Levitis and a band of SEC volunteers and local naturalists, among them a budding herpetologist, an California Academy of Sciences staff member, and a top iNaturalist observer for California, gave SEC insights into what’s going on ecologically on the SDC site. The mapping project uncovered a breadth of biodiversity that was unexpected and identified several rare species that were undocumented in the area before. “Previous assessments we’d been involved with for the SDC were based on pre-existing lists of species that were assumed likely to be there, instead of being based on actual observations on the property. There could have been all kinds of species missing from those lists that then would be hard to protect during development when it happens. The iNaturalist project turned out to be more fruitful than we expected, both in the number and variety of organisms we observed” says Caitlin Cornwall, SEC Senior Project Manager, who assisted Levitis on the mapping project.
Levitis adds, “SEC hopes to have a say in where housing is built on SDC, and how much, and also to directly aid in habitat restoration to improve groundwater recharge and value for wildlife.” Levitis is comforted by the fact that none of the three previously proposed plans suggested development close to or on where any of the rare or endangered species have been observed. “But one of the three plans proposed putting in a road along an old road which goes right through western pond turtle habitat,” says Levitis. “Our observations have been shared with the folks making the plans. Any development there needs to be carefully examined, and likely avoided.”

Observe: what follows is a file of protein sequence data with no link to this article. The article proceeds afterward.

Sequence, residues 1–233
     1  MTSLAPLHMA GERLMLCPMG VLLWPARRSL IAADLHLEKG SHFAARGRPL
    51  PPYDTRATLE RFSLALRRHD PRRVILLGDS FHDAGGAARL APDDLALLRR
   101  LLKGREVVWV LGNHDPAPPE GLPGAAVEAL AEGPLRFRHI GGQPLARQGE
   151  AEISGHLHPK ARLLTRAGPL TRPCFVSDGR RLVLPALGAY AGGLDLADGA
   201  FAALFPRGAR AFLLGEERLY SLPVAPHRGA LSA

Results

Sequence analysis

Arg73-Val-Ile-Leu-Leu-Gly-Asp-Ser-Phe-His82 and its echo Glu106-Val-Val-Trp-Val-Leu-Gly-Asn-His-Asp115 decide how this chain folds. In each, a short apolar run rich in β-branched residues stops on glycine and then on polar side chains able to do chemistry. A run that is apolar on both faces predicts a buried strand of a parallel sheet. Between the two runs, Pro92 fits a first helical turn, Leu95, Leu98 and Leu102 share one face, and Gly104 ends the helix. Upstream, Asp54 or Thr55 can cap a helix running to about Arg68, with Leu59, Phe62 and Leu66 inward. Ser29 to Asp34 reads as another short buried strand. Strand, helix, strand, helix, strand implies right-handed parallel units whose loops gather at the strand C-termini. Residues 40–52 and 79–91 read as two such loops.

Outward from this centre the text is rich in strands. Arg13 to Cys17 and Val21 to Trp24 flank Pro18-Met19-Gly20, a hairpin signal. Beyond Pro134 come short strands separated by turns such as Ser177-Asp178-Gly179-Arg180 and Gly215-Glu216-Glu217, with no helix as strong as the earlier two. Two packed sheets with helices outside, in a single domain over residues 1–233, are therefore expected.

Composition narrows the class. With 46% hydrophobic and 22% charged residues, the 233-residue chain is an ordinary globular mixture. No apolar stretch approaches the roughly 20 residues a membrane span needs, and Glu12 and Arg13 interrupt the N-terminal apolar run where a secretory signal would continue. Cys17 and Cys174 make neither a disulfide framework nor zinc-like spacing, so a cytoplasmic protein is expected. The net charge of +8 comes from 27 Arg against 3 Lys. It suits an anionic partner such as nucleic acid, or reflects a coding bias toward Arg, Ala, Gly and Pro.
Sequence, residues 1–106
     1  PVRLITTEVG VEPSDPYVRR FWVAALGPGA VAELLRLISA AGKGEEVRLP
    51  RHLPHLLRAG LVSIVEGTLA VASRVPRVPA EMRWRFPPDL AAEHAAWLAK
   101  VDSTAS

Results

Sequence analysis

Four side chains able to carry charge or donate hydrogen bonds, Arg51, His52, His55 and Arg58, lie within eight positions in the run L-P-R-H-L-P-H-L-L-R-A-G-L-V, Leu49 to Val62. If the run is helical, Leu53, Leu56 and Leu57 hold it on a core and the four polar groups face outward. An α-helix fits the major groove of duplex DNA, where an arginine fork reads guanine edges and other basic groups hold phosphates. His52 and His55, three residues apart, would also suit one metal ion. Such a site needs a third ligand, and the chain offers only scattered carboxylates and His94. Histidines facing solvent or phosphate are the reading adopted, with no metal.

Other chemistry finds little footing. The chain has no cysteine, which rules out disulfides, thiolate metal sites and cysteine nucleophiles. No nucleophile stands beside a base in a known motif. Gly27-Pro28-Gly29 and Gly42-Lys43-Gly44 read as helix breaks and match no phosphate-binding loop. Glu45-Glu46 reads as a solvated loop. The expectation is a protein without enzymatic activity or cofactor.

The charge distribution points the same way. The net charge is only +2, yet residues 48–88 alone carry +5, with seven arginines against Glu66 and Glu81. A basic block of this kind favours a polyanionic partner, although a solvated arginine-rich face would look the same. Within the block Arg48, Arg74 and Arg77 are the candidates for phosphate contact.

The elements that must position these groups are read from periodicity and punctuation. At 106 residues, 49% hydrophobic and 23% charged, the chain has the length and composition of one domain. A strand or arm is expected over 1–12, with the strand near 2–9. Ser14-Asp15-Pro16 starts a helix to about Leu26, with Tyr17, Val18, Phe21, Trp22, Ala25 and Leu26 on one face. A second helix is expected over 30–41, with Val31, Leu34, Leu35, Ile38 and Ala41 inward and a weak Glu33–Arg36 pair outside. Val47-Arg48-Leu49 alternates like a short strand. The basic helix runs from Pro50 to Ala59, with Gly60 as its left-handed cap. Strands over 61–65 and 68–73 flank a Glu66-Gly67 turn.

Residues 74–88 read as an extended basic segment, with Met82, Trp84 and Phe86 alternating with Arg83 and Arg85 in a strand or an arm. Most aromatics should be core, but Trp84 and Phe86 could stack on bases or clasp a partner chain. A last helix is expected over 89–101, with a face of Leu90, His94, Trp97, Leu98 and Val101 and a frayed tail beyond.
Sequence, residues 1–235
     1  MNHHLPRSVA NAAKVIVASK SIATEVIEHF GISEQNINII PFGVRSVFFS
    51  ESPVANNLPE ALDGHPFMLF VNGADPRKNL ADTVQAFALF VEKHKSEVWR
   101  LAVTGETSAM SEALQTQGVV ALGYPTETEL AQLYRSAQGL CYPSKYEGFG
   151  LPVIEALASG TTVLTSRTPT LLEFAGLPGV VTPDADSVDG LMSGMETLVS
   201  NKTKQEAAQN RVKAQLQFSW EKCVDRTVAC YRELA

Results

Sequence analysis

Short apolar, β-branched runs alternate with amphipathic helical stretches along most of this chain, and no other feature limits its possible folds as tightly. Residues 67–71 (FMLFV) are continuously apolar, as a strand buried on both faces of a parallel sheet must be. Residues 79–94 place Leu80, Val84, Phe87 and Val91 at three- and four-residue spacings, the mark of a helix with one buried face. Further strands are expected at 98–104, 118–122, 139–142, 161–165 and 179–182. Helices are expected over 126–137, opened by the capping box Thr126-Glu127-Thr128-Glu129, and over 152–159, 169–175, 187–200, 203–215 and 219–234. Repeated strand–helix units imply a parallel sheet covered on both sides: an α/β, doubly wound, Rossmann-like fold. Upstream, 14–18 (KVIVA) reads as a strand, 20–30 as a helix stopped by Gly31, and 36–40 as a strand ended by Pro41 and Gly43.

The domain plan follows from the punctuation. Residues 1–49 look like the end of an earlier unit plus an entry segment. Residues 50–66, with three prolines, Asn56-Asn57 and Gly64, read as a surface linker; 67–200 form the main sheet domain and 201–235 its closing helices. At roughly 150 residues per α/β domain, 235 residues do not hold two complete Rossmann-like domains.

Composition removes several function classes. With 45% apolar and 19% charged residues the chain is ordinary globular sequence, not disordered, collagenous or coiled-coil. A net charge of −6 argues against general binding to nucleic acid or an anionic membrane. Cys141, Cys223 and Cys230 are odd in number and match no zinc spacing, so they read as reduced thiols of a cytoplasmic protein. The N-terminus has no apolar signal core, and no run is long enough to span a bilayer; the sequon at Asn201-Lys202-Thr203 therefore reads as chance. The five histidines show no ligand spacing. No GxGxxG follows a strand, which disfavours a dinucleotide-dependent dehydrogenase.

SEC submitted the data from Levitis’s iNaturalist project to Sonoma County’s planning department and will submit it again during the upcoming EIR process for the SDC Specific Plan. “What we have is irreplaceable data. No one else has anything like it,” says Cornwall. “Up to now SEC has used this data to make the general statement that the property has incredible natural resources that need to be protected,” says Cornwall. “Where this data will really shine is a few steps down the planning road, when it comes time to put onto planning maps development features like trails, benches, buildings, roads, and lights.”